bankruptcy court held in an adversary proceeding that
Schaechter did not have an enforceable lien against 3501.
Id. Consequently, 3501 incurred substantial
attorneys’ fees and expenses litigating the adversary
proceeding to clear title to 350113th Street, N.W.
Id. To recover these losses on behalf of the
bankrupt estate for 3501, Plaintiff filed the instant action.
Motion to Dismiss Standard
ruling on a motion under Rule 12(b)(6), the court must
“accept the well-pled allegations of the complaint as
true, ” and “construe the facts and reasonable
inferences derived therefrom in the light most favorable to
the plaintiff.” Ibarra v. United States, 120
F.3d 472, 474 (4th Cir. 1997). “The mere recital of
elements of a cause of action, supported only by conclusory
statements, is not sufficient to survive a motion made
pursuant to Rule 12(b)(6).” Walters v.
McMahen, 684 F.3d 435, 439 (4th Cir. 2012) (citing
Ashcroft v. Iqbal, 556 U.S. 662, 678 (2009)). To
survive a motion to dismiss, a complaint’s factual
allegations “must be enough to raise a right to relief
above the speculative level on the assumption that all the
allegations in the complaint are true (even if doubtful in
fact).” Bell Atlantic Corp. v. Twombly, 550
U.S. 544, 555 (2007) (internal citations omitted). “To
satisfy this standard, a plaintiff need not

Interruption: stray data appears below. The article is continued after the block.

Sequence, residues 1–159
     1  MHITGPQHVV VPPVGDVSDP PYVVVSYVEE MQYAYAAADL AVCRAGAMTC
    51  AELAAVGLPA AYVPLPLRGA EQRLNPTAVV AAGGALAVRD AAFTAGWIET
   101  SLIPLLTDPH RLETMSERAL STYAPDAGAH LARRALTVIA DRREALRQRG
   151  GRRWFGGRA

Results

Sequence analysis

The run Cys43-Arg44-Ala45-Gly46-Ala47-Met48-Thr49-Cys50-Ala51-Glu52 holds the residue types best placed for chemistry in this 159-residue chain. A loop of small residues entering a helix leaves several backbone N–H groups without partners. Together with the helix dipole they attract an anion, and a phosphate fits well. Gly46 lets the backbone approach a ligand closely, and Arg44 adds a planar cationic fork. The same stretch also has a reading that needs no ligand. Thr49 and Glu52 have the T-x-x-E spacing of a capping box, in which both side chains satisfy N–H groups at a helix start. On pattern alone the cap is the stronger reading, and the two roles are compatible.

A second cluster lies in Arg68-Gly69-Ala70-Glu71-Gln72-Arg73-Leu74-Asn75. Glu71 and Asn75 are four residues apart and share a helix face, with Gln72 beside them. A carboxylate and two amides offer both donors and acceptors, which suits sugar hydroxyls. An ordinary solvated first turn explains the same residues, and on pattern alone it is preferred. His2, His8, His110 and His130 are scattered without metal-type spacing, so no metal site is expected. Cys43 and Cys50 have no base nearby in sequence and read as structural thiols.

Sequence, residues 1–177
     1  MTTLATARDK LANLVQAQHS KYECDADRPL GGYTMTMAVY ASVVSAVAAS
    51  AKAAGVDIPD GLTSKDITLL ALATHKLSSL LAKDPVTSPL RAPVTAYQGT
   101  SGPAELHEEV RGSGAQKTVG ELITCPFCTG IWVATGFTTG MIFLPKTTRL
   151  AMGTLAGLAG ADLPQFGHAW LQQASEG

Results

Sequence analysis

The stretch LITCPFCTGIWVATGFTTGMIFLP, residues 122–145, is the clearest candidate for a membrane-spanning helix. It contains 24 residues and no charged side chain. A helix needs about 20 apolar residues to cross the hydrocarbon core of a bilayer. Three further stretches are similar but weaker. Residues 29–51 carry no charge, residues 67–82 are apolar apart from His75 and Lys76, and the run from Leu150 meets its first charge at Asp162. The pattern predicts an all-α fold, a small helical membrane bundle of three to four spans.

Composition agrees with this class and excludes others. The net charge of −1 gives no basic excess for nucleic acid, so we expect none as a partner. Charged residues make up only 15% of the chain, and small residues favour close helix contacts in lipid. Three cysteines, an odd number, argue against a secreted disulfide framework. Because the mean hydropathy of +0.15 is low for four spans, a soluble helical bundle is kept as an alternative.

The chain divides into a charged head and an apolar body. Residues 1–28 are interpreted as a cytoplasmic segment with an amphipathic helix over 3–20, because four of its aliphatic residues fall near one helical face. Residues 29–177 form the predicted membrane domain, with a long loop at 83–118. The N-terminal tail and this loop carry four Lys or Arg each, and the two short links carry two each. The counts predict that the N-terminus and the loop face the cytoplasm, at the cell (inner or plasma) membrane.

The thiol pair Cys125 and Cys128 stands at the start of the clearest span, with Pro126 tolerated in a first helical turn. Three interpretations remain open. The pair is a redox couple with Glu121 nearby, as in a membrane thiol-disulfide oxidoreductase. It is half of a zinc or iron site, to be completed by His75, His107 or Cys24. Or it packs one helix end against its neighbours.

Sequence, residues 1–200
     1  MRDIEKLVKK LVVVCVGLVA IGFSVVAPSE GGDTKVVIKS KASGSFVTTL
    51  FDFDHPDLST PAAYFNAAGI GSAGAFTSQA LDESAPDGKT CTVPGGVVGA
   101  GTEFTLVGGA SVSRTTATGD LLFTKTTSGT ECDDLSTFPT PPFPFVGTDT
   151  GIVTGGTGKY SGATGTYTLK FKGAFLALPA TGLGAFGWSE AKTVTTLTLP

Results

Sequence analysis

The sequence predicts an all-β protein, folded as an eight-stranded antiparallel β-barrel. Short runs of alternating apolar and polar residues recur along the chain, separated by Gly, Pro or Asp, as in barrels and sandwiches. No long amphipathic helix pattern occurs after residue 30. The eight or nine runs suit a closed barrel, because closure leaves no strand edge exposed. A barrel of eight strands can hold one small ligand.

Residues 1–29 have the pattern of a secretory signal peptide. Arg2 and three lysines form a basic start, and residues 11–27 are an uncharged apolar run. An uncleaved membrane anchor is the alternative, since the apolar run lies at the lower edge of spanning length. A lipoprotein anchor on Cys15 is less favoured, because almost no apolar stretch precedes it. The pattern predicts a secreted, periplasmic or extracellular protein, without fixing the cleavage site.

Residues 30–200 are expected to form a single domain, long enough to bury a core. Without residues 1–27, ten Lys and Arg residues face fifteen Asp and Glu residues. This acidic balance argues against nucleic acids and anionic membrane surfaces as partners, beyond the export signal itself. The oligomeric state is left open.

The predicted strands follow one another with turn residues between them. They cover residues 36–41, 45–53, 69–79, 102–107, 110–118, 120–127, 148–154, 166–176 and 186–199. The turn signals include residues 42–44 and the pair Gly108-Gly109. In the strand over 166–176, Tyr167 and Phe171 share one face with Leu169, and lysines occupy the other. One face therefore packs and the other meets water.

‘forecast’ evidence sufficient to prove the
elements of the claim. However, the complaint must allege
sufficient facts to establish those elements.”
Walters, 684 F.3d at 439 (citation omitted).
“Thus, while a plaintiff does not need to demonstrate
in a complaint that the right to relief is ‘probable,
’ the complaint must advance the plaintiff’s
claim ‘across the line from conceivable to
plausible.’” Id. (quoting
Twombly, 550 U.S. at 570).
preliminary matter, the parties disagree over whether the
substantive laws of the District of Columbia or Maryland
apply. Because Maryland is the forum state, Maryland’s
choice-of-law rules apply. See Klaxon Co. v. Stentor
Elec. Mfg. Co., 313 U.S. 487, 496 (1941); see also
Rawl’s Auto Auction Sales, Inc. v. Dick Herriman Ford,
Inc., 690 F.2d 422, 426 (4th Cir. 1982). Maryland
follows the principles of lex loci delicti in
determining choice of law. Great American Ins. v. Nextday
Network Hardware Corp., 73 F.Supp.3d 636, 640 (D. Md.
2014). In tort actions, the court applies the law of the
state in which the last event required to constitute the tort
had taken place. Id.
case, Maryland law applies because the last event triggering
the injury to 3501 occurred in Maryland. Specifically, Nadel,
Schaechter and Madeoy executed the promissory note and DOT in
Maryland in 2006, and amended the same in 2010. ECF No. 16 at
4, Ex. 2. Upon execution, a DOT is “valid between the
parties, ” regardless of when recorded.
Stebbins-Anderson, Co. v. Bolton, 208 Md. 183, 190
(1955); see also Chicago Title Ins. Co. v. Mary B.,
190 Md.App. 305 (2010). The DOT and promissory note
solidified that the property held by 3501 was fraudulently
pledged as collateral to secure the loan between Schaechter
and Madeoy. Accordingly, at the time of the DOT’s
execution, the property held by 3501 became encumbered and
could theoretically be used to satisfy the outstanding amount
if Madeoy defaulted. Because these transactions occurred in
Maryland, the laws of Maryland apply.
Count I: ...